As with all disruption... the propensity for "what if..." could out pace the vision.  Here is where faith lives.

I've written before on the symbolic and material meanings of physical space. Classrooms hold symbolic value (right or wrong) in American culture as the entry point of equality.  Education is the vehicle to success and prosperity... the classroom is portrayed as the idyllic innocence of childhood and the path to success.  And yet, just like libraries, classrooms have material functions to provide... testing, discussion, writing, lecture, viewing, reading... all those activities that are a part of "education".  I have to wonder:

  • Can learning happen without chairs? 
  • Can success occur if the paint isn't dry?  
  • Can discussion happen without a projector? 

 I would argue YES to all the above.  Physical space can influence, inspire and enhance... but ultimately relationship, human relationship, is what binds us and facilitates growth.

But this is a post about renovating classroom space!  So... living within individual symbolic and material context, our old excuses to validate stasis are becoming obsolete. Furniture doesn't have to stay in neat rows to symbolize orderly teaching.  Students can project and share from personal devices - sharing their findings from their personal location.  This shifts the material practice to student-centered activities and away from teacher-centered lecture.  Suddenly we find ourselves with limitless possibility... on the cutting edge (if not bleeding edge) of educational practice to support student learning.  Exciting and daunting at the same time because our symbolic and material expectations of school are intentionally unsteady.

It's a little messy around here.  This amount of physical disruption is going to cause some dissonance.  The work of redefining the symbolic and material understanding of the classroom is a time for relationship -  listening, dialogue and patience... and maybe some Windex and ibuprofen.  Classes begin here August 12th... Prayers are welcome.  Visitors are welcome in October or so when the paint is dry.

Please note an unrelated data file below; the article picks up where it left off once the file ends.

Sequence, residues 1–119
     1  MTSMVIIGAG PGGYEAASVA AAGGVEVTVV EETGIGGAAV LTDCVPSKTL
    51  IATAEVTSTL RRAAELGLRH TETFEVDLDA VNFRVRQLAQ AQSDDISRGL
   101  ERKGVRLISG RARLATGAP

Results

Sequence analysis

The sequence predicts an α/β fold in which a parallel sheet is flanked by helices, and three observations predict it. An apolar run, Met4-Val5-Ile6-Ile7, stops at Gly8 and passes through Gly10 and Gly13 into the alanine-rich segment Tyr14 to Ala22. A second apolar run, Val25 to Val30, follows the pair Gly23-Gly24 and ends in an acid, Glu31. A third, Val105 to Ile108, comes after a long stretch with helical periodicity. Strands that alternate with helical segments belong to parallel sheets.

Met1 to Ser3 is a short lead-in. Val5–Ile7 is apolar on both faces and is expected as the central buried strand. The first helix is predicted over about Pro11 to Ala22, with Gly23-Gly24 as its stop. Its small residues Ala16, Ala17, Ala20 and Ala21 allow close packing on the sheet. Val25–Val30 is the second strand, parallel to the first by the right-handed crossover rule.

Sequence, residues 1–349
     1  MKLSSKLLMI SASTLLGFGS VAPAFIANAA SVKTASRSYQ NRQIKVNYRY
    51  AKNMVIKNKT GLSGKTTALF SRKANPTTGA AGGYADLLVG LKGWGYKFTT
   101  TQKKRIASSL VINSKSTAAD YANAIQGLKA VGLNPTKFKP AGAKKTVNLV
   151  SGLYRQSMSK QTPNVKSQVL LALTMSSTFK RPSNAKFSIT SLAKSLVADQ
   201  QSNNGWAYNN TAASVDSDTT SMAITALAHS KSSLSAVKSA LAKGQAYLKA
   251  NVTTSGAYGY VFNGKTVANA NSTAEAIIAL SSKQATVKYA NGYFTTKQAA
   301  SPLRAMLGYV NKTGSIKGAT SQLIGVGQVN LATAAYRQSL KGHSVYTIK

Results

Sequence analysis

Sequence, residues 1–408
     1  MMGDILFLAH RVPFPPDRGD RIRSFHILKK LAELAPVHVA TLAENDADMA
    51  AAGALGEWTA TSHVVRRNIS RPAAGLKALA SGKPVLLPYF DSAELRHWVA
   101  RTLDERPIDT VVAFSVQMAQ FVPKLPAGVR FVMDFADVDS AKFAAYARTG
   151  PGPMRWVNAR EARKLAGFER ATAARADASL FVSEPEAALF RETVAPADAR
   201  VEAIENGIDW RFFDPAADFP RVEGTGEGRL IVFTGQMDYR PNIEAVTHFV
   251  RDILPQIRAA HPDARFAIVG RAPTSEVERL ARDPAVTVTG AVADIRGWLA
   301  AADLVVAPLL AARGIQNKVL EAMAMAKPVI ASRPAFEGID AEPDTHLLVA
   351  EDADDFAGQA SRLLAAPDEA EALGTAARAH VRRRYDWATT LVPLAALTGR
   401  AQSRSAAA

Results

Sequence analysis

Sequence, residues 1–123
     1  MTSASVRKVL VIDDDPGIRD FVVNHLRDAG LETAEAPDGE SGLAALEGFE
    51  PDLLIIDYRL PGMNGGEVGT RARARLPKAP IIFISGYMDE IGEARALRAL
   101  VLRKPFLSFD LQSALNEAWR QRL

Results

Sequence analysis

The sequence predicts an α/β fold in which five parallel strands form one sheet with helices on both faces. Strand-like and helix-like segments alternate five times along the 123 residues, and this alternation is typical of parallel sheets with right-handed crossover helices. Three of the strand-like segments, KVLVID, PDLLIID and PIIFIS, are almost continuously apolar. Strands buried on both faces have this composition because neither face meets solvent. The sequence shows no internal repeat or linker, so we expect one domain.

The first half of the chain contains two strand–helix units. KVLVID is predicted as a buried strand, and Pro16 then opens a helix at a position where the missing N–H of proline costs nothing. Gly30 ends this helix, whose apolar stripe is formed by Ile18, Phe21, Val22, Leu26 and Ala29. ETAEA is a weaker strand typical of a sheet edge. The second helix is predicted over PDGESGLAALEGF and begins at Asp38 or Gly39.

Tuesday, June 17, 2014

Hello Blog... It's Been a While

Permit me a moment of reflection... and to just start writing again.  I’ve been learning how to be an Assistant Principal these past few months.  While I do not pretend that I know it all, I’d say I am at a healthy 38% “got a handle on this thing”!  I am coming up for air and thought it was time to jot down some reflections.

Looking through my Leadership Seminars journal (shameless JSEA pandering) over the past months, a couple of themes recur as I make the transition from ed tech to whole school context:

  • Ghastly Emotional Scenes (GES) happen.  The trick is not to get caught up in the drama.  
  • Be careful of the Eye of Mordor Syndrome.  Running one’s cursory glance over the land to settle with razor focus on one unsuspecting soul.  Not fair to anyone to have an overwhelmed administrator suddenly focus and get in the way.  Trust and relationship builds success.
  • At the same time, don’t isolate yourself.  Trust and relationship builds success.
  • Accept tension.  Tension is not bad.  Tension reminds us that students, teachers, curriculum, wellness are not an “All or Nothing” to be fixed, solved or fired.  
  • It does not all have to happen today.  
  • Be yourself – I am still an introvert.  I am still pastoral in my leadership style. @JDferries still annoys me from 3 feet away….

In her book “Seven Sacred Pauses”  author Macrina Wiederkehr writes  for morning prayer, “…May I live with the kind of presence that enables others to feel at home.”   In the daily rush and muck of administrative life this has been my prayer most mornings (outside of frantic Help Me! intercessions to varied saints). 
After that – the rest falls into place.

Happy June to All!

Wednesday, March 5, 2014

Virtual Learning Days and the Winter of '14

 On a cold day in mid-February, The Indiana Department of Education opened applications for their Distance Virtual Learning program.  The application qualifies schools to request Virtual Learning Days to cover closures due to inclement weather.  On February 26, I received the official word that Brebeuf Jesuit was approved for the IDOE Inclement Weather Virtual Learning Option.  In plain words – if we had to close due to snow we could officially take school online and it would count for our mandated 180 days.

In my ideal world, we were going to have at least 9 - 10 months of dialogue, reflection and pilot lessons with the idea of hosting a Virtual Learning Day.  I am most comfortable working in collaborative process which takes a little time.  For better or worse, Mother Nature appeared to have great confidence that we did not need that much time…. Weather predictions for a major snow event began even as I read our approval email.